Federal help needed even if light rail starts south
Seattle Times staff reporter
Sound Transit probably can't build the southern leg of its 21-mile light-rail system without some federal money.
That was the assessment yesterday of light-rail officials at a meeting of the agency's Project Review Committee, which was created earlier this year to examine the project, which is over its budget and behind schedule.
The $4.1 billion project is expected to stretch 21 miles from Seattle's University District to SeaTac. Federal money needed for the project is on hold because of controversy over the cost.
Sound Transit's plans would split the light-rail project into two parts. The first phase would involve building a $2.6 billion, seven-mile segment from South Lander Street north to the University District. The second phase would go south 14 miles, from South Lander to SeaTac and cost about $1.5 billion. The entire system is supposed to be completed in 2009.
Seattle Mayor Paul Schell, worried about growing problems, earlier this week raised the prospect of building light rail from the Chinatown International District south to SeaTac, before tackling the more expensive northern route from downtown to the U District.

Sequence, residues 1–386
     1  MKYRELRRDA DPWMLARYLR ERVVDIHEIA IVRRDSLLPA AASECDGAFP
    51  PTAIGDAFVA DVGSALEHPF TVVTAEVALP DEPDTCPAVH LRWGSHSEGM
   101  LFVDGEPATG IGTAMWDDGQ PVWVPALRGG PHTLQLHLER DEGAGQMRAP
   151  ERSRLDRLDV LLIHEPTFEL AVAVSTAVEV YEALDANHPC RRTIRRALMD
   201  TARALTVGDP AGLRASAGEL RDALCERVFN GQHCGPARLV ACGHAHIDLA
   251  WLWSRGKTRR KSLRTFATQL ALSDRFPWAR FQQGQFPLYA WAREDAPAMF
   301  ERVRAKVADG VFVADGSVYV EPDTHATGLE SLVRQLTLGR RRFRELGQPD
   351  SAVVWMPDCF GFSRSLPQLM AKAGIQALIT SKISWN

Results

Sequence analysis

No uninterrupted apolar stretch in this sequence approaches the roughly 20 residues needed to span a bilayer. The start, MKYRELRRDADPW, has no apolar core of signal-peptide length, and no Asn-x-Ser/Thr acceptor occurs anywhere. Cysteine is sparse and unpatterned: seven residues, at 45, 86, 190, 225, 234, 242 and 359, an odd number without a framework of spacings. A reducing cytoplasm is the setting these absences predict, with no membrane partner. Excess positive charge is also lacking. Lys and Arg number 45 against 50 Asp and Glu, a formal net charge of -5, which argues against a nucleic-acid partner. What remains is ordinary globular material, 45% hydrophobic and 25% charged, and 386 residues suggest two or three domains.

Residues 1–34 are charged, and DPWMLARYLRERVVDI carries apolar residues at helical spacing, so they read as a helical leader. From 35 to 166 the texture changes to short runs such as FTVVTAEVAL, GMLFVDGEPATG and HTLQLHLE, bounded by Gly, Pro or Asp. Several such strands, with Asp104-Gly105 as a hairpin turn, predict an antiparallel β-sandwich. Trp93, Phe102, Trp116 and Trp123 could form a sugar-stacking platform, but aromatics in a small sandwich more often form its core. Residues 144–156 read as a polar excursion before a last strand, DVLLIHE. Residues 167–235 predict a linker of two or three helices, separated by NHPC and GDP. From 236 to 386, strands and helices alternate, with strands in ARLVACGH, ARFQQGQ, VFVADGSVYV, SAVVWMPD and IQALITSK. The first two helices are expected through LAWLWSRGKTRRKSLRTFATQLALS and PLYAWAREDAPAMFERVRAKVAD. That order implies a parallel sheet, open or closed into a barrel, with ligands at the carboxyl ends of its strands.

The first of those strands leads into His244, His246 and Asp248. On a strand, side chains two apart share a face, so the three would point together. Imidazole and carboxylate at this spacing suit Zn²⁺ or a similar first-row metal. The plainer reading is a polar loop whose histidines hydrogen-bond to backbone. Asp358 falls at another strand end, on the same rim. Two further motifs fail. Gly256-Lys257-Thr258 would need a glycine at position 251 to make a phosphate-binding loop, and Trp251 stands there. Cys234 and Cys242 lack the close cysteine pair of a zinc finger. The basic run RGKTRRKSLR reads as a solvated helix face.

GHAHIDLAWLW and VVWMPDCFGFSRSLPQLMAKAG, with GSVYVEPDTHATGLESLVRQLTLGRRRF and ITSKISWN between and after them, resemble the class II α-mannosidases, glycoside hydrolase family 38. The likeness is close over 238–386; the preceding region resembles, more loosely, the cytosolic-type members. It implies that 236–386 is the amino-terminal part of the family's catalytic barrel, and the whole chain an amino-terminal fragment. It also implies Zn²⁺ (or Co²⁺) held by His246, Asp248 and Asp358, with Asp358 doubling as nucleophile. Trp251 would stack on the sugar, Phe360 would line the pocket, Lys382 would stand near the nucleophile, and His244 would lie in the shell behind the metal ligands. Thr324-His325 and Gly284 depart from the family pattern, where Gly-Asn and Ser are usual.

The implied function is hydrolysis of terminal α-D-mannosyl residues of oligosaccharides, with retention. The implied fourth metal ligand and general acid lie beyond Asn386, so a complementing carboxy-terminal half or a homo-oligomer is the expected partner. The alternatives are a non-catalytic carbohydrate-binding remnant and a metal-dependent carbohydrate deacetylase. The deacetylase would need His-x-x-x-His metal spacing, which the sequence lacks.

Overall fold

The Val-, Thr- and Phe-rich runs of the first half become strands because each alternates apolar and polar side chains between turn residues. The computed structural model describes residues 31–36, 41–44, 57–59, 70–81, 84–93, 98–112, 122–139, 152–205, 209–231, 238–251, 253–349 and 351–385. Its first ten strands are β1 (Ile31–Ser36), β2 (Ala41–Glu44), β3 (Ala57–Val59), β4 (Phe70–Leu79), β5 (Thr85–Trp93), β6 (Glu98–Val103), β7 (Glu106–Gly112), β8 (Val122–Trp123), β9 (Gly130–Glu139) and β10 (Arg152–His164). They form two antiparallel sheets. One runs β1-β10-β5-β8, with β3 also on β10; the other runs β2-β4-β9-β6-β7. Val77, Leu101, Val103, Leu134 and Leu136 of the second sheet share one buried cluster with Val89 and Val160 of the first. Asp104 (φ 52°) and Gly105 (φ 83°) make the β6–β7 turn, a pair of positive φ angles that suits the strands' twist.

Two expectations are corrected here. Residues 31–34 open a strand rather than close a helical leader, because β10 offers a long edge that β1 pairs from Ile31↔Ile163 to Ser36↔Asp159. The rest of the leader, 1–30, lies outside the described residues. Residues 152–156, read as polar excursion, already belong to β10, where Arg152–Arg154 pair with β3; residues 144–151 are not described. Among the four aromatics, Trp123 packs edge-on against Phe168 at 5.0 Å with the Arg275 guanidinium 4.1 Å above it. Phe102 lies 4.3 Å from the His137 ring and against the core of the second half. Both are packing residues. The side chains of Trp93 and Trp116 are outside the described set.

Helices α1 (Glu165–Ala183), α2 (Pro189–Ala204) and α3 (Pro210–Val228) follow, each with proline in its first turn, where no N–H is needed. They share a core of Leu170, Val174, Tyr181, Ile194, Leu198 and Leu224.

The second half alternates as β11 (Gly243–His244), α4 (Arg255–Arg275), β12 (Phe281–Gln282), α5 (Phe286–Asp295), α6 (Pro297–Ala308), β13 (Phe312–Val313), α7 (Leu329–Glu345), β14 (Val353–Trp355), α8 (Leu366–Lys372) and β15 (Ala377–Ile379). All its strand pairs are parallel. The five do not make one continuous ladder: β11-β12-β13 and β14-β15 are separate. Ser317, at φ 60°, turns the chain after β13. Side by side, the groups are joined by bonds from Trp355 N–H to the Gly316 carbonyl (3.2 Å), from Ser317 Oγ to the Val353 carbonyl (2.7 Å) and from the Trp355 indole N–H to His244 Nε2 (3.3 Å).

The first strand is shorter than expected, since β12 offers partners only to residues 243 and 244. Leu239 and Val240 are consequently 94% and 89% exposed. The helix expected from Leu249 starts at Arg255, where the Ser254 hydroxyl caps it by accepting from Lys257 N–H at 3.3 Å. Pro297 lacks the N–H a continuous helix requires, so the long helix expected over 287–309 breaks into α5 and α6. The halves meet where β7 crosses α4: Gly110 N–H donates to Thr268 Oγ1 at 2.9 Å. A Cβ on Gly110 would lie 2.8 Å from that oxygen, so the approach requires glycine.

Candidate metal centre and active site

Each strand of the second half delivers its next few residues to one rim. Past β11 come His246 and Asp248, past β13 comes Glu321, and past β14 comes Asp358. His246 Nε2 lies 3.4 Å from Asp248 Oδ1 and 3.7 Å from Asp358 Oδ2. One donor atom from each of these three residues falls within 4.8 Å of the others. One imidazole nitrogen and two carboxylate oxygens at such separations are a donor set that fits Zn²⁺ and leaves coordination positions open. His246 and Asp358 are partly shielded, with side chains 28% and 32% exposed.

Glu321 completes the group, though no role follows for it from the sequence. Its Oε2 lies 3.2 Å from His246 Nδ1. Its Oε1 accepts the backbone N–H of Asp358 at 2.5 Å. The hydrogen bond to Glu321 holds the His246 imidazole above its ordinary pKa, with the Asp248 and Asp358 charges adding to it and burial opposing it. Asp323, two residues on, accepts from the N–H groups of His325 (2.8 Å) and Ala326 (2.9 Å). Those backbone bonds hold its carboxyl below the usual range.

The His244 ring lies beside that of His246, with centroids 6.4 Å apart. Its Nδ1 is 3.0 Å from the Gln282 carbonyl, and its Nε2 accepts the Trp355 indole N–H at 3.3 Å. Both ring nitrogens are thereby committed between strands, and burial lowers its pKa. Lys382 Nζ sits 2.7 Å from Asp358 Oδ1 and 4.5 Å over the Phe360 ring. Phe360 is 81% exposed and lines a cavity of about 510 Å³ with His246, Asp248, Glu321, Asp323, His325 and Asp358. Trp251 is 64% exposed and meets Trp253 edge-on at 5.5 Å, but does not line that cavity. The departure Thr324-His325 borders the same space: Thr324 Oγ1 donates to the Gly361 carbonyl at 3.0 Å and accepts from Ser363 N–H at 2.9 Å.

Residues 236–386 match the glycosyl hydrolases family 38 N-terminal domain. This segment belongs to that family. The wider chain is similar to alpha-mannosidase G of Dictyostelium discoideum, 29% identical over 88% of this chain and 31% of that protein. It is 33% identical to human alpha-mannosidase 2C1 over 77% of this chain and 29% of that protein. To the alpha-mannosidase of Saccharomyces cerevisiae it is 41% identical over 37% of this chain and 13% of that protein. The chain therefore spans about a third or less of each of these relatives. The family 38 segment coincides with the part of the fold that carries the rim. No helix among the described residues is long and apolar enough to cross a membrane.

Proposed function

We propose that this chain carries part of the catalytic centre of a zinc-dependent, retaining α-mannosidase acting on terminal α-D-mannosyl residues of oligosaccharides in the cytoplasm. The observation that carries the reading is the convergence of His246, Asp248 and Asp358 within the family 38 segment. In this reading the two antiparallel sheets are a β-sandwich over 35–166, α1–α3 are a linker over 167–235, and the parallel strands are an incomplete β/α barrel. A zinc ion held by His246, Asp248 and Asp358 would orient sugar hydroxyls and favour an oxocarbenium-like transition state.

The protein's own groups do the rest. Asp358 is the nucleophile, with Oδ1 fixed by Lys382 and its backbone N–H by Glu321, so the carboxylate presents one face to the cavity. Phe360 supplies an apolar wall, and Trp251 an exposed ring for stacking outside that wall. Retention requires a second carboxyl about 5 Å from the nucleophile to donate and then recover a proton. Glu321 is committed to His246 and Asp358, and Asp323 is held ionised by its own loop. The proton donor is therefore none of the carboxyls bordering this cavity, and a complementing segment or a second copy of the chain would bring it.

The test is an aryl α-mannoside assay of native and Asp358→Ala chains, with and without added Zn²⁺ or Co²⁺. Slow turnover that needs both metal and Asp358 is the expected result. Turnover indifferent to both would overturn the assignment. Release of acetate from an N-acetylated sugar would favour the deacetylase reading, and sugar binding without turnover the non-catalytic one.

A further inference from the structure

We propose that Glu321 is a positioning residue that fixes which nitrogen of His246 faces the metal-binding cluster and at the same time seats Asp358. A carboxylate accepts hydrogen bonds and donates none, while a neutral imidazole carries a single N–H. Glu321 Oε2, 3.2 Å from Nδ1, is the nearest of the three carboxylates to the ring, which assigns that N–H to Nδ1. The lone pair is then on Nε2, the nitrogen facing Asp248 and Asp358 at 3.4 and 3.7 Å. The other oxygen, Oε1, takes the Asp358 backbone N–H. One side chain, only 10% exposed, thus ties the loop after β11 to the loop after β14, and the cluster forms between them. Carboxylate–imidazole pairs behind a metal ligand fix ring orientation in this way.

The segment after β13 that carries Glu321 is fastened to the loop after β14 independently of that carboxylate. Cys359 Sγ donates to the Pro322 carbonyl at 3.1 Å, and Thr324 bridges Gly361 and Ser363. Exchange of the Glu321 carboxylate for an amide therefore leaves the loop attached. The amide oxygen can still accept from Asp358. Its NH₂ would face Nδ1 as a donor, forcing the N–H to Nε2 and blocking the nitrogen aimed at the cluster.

The northern segment is to include 4½ miles of tunnel. Sound Transit plans to start work on that section first.
Schell, a member of the Sound Transit board, asked the review committee to consider going south first and to find out whether that segment could be built using just local money.
Yesterday, Joni Earl, Sound Transit's acting executive director, told the committee, she doubted it could be done without federal help. "I'm not sure we can."
Lyndon "Tuck" Wilson, the agency's acting light-rail director, backed that up after the meeting, saying a quick look at the numbers indicates there's not enough local money available to do the job.
Sound Transit hopes to get $1.4 billion in federal grants to help build the system. It has an agreement with the Federal Transit Administration for $500 million in grants through 2006, but that money is on hold because of a U.S. inspector general's report released last week.
The report questioned Sound Transit's cost estimate for building light rail and the agency's ability to pay for it. The inspector general recommended Sound Transit not get any money until it could prove its numbers were accurate and Congress had more time to review the project.
The $500 million federal agreement is slated to be spent on the northern segment to the U District. Sound Transit is looking into the possibility of shifting the money for the southern route to the airport.
Andrew Garber can be reached at 206-464-2595 or firstname.lastname@example.org.